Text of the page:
I very much enjoyed all of the above, and others as well.

    Linda Howard books that didn’t work for me:

    1. MacKenzie’s Mountain
    2. To Die For
    3. Heartbreaker
    4. Now You See Her
    5. Son of the Morning

  24. Keishon says:

    LFL your list is completely opposite of mine. So, I guess your getting Cover of Night? I’m eagerly waiting for the reviews on this book, just to know if it’s worth reading from the library.

  25. LFL says:

    P.S. I want to add that since I don’t read e-books, it’s been great to see a topic I can say something about.

  26. LFL says:

    LOL, Keishon! I want to read Cover of Night but I don’t buy hardcovers new. I think I’ll be borrowing it from a friend who is planning to buy it.

  27. LFL says:

    Hey, we both enjoyed After the Night so it’s not completely opposite.

  28. Keishon says:

    But LFL, I am just shocked, SHOCKED that you enjoyed the sultry, southern Shades of Twilight but yeah, give or take one. And GASP, you didn’t care for McKenzie? Honestly, I didn’t read the rest and it’s been so long since I even reread McKenzie’s Mountain. Disclaimer, my list is based on memories. Ah, how sweet they were…

  29. Robin says:

    Did you enjoy To Die For? I haven’t read that one yet and I did buy it and I don’t know why. I love Howard but she is a huge hit or miss for me.

    TDF is my favorite Howard book. I also forget about that story LFL listed, The Way Home, which I would put on my favorites list, as well. I liked the heroine and felt Howard put a little more thought into the controlling nature of the hero, especially considering the short length of the work.

    I’m not sure whether you will like TDF, Keishon, as readers seem to be divided about it. It definitely relies on humor and on plenty of sparring between the hero and heroine, but the “suspense” aspect of the book is totally lame, so it didn’t seem incongruous to me, at all. What makes the book a winner for me is Blair’s narration; she is NOT a doormat heroine AT ALL. Many readers found her shallow and vain, but she has enough intelligence and awareness to make her self-centeredness charming to me. In a lot of contemporary Romance the sexual politics just make me tired, but because Blair and Wyatt both view their battle as an enjoyable game, I thoroughly enjoyed the sparring. The movie theater scene is genius, IMO. Overall, I found TDF a superior variation of Mr. Perfect.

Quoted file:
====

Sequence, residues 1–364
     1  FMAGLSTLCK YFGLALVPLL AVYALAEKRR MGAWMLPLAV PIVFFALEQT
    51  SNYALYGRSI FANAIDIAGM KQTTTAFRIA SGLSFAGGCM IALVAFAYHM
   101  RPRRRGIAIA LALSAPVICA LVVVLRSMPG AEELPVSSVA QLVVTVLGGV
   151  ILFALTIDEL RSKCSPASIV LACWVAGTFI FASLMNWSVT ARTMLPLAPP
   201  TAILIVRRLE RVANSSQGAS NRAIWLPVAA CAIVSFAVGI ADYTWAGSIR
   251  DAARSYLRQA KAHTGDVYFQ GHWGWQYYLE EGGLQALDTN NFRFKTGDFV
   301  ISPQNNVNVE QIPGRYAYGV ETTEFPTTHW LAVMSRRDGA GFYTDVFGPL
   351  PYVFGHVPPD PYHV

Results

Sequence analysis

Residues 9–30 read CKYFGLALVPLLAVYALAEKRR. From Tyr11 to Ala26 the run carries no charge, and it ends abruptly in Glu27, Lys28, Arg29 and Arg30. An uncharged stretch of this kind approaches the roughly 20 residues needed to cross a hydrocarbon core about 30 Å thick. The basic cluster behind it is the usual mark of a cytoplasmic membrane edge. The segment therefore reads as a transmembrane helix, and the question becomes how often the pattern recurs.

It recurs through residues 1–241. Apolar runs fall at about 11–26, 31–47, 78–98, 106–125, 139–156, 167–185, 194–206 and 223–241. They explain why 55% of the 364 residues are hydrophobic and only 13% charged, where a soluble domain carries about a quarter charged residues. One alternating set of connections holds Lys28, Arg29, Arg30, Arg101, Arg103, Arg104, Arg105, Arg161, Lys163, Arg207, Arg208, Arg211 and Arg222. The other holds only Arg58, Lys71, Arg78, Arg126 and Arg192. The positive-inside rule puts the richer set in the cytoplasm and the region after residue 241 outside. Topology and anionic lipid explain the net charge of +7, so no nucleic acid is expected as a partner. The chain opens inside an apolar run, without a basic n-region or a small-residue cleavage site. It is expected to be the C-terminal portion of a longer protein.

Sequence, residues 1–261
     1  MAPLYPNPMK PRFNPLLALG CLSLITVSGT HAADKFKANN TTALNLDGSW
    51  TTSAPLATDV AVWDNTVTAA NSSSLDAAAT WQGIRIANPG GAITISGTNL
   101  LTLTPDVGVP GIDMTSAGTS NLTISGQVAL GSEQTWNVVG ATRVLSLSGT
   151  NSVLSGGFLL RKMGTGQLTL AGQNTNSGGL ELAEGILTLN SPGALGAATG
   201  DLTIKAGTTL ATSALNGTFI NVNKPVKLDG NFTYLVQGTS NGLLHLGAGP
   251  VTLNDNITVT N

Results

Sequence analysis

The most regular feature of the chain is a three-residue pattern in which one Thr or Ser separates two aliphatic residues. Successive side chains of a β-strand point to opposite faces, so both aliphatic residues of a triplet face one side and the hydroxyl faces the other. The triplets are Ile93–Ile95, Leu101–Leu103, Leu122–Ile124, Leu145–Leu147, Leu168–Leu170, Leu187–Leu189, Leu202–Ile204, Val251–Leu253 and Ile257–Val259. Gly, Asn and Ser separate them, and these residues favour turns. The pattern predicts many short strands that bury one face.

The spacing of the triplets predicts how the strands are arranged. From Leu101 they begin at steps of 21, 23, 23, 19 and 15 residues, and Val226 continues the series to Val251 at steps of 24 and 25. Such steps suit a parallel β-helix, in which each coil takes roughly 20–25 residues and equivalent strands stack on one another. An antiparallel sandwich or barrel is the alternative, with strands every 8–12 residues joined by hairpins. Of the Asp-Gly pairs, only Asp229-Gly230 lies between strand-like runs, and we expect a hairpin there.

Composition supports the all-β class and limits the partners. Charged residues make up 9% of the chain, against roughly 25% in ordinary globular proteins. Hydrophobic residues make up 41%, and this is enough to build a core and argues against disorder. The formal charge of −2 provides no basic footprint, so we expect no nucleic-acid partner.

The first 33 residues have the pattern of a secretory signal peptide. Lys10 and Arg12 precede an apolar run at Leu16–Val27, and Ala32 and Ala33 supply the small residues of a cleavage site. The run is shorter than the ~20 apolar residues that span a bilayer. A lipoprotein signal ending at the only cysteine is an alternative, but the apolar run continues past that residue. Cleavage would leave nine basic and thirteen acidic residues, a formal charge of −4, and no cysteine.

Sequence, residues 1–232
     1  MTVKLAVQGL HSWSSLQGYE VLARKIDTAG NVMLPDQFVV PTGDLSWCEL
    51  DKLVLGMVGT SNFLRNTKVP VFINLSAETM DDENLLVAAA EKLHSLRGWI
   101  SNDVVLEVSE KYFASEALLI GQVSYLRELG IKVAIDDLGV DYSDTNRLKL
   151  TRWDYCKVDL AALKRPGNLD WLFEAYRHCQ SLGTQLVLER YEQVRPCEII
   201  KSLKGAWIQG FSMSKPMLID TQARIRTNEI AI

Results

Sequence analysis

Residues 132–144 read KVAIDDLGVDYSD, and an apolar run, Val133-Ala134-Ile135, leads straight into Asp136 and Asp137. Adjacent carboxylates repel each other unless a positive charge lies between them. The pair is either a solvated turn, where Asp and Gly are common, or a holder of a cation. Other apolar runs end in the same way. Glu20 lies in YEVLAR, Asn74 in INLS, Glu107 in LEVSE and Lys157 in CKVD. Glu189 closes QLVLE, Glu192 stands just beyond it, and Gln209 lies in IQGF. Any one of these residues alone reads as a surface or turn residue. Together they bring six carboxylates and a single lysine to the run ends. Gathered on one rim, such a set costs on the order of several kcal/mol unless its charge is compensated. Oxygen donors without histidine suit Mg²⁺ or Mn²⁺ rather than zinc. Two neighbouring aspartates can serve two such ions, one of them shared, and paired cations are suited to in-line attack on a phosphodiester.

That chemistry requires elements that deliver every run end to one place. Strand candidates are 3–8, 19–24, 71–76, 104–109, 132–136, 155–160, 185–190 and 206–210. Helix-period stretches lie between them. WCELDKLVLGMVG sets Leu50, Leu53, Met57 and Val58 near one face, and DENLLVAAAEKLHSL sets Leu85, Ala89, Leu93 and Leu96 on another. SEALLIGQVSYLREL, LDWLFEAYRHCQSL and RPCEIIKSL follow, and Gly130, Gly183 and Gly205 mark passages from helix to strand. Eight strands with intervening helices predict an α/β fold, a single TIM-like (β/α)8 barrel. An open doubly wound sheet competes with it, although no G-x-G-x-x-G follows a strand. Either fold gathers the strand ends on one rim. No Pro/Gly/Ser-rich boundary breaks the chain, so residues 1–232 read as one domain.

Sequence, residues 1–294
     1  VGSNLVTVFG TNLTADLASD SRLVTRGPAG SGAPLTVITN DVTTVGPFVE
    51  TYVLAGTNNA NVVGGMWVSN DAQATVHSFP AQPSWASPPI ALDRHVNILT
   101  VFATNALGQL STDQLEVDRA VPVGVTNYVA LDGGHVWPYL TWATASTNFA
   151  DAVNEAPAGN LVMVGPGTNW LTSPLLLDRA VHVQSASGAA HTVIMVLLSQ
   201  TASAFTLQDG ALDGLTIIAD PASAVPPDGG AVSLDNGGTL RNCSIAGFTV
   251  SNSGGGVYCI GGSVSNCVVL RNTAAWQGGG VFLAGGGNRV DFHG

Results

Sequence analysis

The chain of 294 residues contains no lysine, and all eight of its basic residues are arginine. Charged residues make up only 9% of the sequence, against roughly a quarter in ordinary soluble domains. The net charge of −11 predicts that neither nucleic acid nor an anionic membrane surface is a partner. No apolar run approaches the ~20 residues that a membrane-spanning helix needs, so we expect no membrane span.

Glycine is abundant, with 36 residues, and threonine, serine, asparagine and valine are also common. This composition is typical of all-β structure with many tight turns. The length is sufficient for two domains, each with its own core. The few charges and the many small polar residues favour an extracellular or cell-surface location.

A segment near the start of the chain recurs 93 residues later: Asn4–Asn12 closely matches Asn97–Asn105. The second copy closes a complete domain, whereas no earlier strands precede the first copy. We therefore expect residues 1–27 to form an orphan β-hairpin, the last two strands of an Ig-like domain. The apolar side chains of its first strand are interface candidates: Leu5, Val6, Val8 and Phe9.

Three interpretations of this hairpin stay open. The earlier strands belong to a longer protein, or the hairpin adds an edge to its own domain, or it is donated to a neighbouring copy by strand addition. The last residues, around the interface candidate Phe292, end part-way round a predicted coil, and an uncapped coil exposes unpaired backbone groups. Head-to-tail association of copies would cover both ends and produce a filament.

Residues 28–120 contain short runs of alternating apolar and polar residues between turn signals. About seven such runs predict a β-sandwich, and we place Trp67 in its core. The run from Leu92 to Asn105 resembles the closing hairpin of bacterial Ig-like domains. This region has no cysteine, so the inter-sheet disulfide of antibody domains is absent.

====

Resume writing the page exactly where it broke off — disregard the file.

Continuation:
30. Keishon says:

    A superior variation on Mr. Perfect? I’ll have to read it now. Thanks Robin! Did you ever get to read Diana Norman? I think your the “right” Robin to ask, I might be wrong. ::anxious::

  31. LFL says:

    Well, I thought MacKenzie’s Mountain was kind of old fashioned. The hero was okay, I guess, but I’m not so into ranchers and I thought that a little too much was made of his being Native American. The heroine was a fairly boring old maid and I’m also not wild about rural settings, plus I figured out the villain early. I think the fact that this is one of Linda Howard’s earlier books shows. To be fair, I think that part of the problem was my high expectations People just raved and raved about this book. I preferred the other MacKenzie books.

    Shades of Twilight I loved mostly for the rich psychological conflicts. The initial setup, with the hero and heroine being (if memory serves) second cousins and her sleeping with him so that he’d come back home, was very interesting me, in a dark way. This is one book where the heroine’s being a virgin worked for me, because it was such a shock to the hero’s system. I thought that scene was really erotic, but more than that, very emotionally involving. I like romances that are on the disturbing side, and this one was, because of the heroine’s extreme vulnerability. Some readers didn’t care for Roanna, but she’s one of my favorite Howard heroines; maybe even *the* favorite.